Regular Education Teachers - Accommodating the Interpreter in the Classroom
For many teachers, having an interpreter in the classroom is a new experience. Although there are no set rules for how to accommodate the interpreter, it is critical that the teacher make the interpreter feel welcome. In fact, deaf students report that when the teacher welcomes the interpreter, they feel welcome as well.
There are many ways to make the interpreter feel welcome, including:
- Talking about goals and expectations − The teacher can make the interpreter feel welcome by talking about his or her goals and expectations. By doing so, the interpreter knows that he/she is considered a member of the educational team.
- Providing a personal working space − The interpreter should have his/her own space to store personal belongings and to prepare for future lessons. The interpreter should not be permanently ‘parked’ next to the student who is deaf or hard of hearing. The student needs some independence just as the interpreter needs some preparation time.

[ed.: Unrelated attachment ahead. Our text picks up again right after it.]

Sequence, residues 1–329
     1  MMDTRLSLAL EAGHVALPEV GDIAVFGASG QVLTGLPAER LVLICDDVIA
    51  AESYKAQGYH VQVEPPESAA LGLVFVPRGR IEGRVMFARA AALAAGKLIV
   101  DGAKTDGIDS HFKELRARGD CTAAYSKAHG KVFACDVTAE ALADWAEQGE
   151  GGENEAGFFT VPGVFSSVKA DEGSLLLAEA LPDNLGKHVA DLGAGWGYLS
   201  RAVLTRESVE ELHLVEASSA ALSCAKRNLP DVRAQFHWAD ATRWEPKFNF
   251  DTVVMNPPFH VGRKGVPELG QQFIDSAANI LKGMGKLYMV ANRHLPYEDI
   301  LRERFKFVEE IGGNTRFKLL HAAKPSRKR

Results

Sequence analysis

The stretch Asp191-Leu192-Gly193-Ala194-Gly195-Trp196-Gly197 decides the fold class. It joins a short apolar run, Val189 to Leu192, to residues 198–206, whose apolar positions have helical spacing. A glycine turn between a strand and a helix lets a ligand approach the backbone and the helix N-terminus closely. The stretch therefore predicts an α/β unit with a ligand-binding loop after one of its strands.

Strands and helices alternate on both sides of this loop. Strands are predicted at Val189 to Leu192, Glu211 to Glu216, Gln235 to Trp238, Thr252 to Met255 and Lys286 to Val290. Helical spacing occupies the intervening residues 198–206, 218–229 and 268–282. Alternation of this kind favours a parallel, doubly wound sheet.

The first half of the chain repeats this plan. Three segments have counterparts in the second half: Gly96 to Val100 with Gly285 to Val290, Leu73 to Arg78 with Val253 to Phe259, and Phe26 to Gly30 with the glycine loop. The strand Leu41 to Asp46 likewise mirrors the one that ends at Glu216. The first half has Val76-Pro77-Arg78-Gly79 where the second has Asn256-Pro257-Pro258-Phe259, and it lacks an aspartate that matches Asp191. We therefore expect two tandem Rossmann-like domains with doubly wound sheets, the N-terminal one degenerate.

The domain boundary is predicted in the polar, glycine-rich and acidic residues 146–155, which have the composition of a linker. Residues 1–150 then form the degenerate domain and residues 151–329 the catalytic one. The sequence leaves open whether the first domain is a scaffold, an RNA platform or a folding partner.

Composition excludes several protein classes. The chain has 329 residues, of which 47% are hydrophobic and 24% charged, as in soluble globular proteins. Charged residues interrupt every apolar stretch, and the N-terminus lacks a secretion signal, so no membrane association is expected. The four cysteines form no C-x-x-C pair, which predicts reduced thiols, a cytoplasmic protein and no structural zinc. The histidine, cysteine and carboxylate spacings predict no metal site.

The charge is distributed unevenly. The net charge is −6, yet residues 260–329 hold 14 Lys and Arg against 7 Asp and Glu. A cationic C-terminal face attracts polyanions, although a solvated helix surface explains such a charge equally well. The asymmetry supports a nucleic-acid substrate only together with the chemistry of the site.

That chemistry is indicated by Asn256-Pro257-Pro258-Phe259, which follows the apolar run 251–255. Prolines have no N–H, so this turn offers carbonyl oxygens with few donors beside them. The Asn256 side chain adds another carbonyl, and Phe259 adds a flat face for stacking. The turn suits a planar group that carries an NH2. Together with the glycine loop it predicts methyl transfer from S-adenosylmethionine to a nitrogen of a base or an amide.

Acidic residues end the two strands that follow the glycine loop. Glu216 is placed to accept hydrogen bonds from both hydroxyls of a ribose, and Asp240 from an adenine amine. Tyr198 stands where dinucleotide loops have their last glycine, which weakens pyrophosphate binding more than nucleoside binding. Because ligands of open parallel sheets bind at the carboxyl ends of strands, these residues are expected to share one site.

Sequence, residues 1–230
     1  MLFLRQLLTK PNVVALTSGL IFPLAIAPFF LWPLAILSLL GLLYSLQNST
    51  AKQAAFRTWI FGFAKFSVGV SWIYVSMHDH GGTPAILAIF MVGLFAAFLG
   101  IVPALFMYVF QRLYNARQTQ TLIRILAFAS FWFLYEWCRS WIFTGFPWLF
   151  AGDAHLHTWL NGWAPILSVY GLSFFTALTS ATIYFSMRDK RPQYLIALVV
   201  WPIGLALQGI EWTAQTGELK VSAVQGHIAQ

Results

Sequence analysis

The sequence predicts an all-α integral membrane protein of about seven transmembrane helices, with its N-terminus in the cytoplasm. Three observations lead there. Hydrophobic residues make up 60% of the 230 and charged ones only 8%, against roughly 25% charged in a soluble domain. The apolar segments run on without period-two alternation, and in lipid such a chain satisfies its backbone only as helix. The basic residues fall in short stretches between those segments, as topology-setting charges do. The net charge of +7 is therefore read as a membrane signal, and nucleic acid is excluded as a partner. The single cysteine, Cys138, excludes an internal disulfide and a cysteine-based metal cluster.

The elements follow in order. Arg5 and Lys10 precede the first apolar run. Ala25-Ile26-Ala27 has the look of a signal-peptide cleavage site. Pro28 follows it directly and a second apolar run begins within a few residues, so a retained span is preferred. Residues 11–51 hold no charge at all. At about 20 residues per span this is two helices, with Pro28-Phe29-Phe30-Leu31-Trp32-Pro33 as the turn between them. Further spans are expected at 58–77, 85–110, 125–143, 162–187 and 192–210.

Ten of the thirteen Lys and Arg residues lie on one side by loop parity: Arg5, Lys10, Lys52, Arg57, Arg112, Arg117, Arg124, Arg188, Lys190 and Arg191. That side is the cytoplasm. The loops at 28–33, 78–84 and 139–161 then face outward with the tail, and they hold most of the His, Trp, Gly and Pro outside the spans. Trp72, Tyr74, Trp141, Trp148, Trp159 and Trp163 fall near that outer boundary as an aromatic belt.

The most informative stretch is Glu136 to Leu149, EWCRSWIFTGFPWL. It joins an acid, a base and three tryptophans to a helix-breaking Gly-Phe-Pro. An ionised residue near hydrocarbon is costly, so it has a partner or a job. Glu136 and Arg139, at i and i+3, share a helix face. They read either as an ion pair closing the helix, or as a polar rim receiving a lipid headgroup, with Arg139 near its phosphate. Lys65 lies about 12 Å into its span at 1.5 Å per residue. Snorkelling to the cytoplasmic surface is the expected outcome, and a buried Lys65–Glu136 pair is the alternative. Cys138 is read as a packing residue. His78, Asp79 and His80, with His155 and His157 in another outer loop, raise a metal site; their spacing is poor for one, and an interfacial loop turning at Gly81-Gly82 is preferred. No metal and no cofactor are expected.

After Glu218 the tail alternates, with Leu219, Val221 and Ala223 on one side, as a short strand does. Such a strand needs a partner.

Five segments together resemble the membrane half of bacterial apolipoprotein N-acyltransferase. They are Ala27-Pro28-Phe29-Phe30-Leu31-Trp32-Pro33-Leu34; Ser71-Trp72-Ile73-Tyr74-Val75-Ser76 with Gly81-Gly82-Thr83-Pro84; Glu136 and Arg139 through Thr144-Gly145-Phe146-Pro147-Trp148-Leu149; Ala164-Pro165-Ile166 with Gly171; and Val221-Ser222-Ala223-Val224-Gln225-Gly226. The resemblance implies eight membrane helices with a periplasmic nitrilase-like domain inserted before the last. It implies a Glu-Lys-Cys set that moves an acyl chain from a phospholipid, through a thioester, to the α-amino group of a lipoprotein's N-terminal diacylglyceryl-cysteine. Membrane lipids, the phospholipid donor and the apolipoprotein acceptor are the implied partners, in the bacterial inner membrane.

- Including the interpreter − Include the interpreter in meetings regarding the student. Talk with the interpreter about what information he/she can share with parents. Talk with the interpreter about his/her perceptions on how the student is doing.